Americans who use housing choice vouchers are increasingly choosing to live in the suburbs, although the Baton Rouge metro area is among the exceptions to that trend, according to a new report from the Brookings Institution Metropolitan Policy Program.
The U.S. Housing and Urban Development Department’s housing choice voucher program assists very low-income families, the disabled, and the elderly with paying for housing, according to the think tank. The program provides payments to landlords to make up the difference between rents and what the renters can afford. In certain circumstances, vouchers can be used to purchase a home.
In the Baton Rouge area, the percentage voucher use in the suburbs dropped from 49.3 percent in 2000 to 42.9 percent in 2008, a drop of 5.5 percent, the report shows. Only 14 other metro areas experienced a larger drop.
Locally, the number of vouchers issued jumped from 5,426 in 2000 to 9,438 in 2008, the report shows. Some 60.9 percent of the metro area’s poor people live in the suburbs.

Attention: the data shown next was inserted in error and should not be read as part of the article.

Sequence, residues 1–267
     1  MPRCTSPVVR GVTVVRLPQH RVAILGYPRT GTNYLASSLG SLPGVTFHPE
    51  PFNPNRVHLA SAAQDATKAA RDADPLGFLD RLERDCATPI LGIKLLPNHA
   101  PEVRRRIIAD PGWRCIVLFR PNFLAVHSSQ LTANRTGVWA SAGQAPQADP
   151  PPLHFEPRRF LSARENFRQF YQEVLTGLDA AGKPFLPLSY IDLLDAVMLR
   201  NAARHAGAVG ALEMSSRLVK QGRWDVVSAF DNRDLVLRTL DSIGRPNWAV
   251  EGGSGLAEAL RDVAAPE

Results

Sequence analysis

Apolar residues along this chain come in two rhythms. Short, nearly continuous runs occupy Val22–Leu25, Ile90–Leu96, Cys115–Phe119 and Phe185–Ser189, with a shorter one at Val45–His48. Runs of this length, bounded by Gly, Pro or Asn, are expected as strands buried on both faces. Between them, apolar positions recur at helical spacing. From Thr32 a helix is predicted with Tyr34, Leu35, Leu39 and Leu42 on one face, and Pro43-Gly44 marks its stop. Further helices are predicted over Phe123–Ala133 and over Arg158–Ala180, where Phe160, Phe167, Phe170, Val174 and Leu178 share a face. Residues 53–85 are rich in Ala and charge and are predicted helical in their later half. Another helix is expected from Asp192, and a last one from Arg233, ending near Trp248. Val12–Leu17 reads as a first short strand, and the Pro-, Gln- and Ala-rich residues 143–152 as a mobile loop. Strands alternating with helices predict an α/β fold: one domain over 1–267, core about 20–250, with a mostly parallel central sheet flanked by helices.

“Jobs moved to the suburbs, and people followed,” Michael Stoll, one of the authors of the report, said in a news release. “Some of those people are poor. Some rely on vouchers to secure affordable housing. We found that, while vouchers are giving people the chance to move where the opportunities are, voucher recipients are not moving into high-opportunity neighborhoods as often as they might.
“While HUD has made the voucher program more flexible, there is more to do,” Stoll said. “The idea was to help get people out of urban poverty pockets, but we don’t want to simply plunk them down into new poverty pockets in the suburbs.”